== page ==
Friday, June 17, 2011
The interesting thing about the exchange is that our first comments on each others tweets were not as nice as they could have been. In fact, in some circles it would be a near miracle that we are still talking together. The important part is that due to a few clarifying comments, we reached the ability to converse. It almost made me hopeful that such a conversation might take place on a national level. In other words, that national representatives of various positions about education could actually talk to each other kindly. Sure, they might never completely agree, but at least the conversation could get civil.
I say almost hopeful because then Derrell Bradford posted a link on Facebook that criticized him without mercy. I was going to add the link here, but it wasn't worth giving the blogger the hits on his blog. The point is that I can't believe that people don't understand that the only way to resolution is talking and trying to understand anothers view point. I'm not always great at it, but I try.
I urge all of us to try to make the battle into a conversation. Certainly, we need to hold to our views if we think we are right. I'm not asking those of you who disagree with me to agree just because I say so, but I am asking you to listen. And in turn, I'll do my best to listen to you.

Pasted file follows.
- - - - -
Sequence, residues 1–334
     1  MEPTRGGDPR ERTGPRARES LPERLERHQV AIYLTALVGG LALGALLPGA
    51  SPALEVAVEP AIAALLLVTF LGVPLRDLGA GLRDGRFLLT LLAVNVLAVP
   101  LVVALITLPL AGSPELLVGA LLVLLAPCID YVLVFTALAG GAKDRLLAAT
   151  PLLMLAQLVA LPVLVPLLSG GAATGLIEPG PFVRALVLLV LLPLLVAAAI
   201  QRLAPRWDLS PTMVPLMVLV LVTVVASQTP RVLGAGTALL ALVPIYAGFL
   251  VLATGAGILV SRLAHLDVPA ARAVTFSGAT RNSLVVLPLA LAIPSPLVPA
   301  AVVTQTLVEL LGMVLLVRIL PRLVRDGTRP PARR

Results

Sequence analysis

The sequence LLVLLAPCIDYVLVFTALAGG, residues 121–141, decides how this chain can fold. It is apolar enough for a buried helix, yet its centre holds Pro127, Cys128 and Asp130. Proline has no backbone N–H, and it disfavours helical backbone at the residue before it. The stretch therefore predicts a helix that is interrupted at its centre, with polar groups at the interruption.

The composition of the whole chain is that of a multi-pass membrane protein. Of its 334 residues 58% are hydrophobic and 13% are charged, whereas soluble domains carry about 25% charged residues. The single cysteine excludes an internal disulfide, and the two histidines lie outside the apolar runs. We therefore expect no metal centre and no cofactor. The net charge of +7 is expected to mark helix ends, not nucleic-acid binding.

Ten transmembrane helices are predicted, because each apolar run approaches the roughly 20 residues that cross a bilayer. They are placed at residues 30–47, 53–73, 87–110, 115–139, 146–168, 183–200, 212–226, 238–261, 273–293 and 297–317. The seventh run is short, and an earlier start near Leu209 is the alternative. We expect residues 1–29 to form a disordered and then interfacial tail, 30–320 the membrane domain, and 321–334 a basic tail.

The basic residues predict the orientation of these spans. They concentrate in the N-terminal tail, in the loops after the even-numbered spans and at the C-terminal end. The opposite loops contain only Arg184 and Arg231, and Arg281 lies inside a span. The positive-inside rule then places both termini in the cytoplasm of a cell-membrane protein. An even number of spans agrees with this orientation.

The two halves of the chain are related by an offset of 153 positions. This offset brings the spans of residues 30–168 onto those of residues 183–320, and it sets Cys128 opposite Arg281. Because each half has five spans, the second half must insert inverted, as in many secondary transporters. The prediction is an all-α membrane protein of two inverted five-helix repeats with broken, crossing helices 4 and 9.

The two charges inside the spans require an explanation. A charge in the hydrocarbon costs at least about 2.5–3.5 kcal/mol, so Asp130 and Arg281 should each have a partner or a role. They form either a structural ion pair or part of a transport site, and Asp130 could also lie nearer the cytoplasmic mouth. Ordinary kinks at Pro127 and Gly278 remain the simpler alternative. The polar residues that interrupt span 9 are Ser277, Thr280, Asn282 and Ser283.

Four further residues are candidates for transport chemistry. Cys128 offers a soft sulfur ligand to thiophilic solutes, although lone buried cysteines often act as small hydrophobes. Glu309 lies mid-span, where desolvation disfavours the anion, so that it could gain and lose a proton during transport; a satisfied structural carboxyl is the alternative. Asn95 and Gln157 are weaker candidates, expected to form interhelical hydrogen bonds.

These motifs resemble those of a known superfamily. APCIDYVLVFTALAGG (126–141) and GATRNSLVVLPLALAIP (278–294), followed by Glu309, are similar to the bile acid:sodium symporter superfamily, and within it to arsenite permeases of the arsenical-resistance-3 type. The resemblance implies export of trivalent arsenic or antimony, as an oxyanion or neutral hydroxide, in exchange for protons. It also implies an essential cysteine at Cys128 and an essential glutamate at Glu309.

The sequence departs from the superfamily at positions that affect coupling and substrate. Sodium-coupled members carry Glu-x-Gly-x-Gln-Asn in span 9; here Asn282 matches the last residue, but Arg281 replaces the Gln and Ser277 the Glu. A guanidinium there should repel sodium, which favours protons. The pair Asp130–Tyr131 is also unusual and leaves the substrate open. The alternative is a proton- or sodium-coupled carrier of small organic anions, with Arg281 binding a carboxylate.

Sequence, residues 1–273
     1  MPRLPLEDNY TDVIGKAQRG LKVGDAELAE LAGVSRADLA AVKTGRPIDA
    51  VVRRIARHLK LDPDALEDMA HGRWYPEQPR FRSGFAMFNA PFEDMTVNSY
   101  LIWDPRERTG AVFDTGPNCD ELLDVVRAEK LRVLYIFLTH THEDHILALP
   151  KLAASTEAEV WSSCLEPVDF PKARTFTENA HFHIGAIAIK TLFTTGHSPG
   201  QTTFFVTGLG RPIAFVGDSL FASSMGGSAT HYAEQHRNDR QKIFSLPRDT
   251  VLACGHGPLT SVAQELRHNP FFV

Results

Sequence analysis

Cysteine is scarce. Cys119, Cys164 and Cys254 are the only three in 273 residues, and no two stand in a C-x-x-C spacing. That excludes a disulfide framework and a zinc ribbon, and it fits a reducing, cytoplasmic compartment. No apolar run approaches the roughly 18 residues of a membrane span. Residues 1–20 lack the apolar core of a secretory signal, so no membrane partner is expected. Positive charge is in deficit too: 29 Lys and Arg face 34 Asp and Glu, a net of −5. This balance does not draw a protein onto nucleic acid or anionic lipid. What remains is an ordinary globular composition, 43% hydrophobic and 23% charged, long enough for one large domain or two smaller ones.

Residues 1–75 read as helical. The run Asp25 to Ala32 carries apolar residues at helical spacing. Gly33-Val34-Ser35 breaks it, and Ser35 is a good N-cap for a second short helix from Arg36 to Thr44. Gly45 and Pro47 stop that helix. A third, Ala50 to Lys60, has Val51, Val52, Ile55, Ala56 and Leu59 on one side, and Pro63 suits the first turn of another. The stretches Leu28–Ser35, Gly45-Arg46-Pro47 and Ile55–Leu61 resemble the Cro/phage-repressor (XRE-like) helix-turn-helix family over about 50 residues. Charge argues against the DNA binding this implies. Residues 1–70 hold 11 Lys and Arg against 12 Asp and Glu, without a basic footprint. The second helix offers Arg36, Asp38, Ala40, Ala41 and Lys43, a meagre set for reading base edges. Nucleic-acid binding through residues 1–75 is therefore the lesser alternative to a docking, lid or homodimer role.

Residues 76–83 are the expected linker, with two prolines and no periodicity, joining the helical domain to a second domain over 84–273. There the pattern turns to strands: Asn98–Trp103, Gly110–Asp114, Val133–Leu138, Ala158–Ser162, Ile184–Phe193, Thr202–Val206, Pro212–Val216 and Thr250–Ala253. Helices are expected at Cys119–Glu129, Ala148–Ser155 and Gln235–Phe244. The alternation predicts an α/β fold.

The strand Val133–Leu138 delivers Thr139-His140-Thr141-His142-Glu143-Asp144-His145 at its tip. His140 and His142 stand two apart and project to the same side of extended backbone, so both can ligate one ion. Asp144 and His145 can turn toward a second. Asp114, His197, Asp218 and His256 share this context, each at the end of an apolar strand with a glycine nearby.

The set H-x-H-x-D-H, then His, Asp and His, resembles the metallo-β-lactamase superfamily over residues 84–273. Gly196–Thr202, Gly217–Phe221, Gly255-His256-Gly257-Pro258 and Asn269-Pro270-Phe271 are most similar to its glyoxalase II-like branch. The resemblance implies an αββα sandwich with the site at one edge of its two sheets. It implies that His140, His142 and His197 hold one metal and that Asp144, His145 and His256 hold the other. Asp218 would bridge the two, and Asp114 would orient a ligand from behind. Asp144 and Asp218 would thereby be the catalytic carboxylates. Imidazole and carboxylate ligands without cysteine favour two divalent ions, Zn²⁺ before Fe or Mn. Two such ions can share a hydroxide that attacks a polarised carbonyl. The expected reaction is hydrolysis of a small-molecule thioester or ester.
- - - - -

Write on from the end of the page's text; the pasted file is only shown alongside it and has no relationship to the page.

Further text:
Friday, June 3, 2011
I hope that you read and reread the posts with Alexander Russo because I think the Locke High School story is such a great story. I think that even if the experiment ultimately fails (and I don't think it will), it is a great test of a lot of things:
- Green Dot's system
- Potential for good charter school management corps to take on turnaround projects
- Examples for school turnaround even without a charter school structure
- Opportunity to use the strategies for schools before turnaround is necessary
Wednesday, June 1, 2011
So, tell me a little bit about your new book.
The book is meant to read like an action novel or a police drama. It doesn’t dwell on the history of education reform or use a lot of education jargon. It’s the story of a startup CMO named Green Dot and a cockamamie idea that it could -- and even should -- take over a full sized district high school rather than starting a charter school from the ground up like charters almost always do.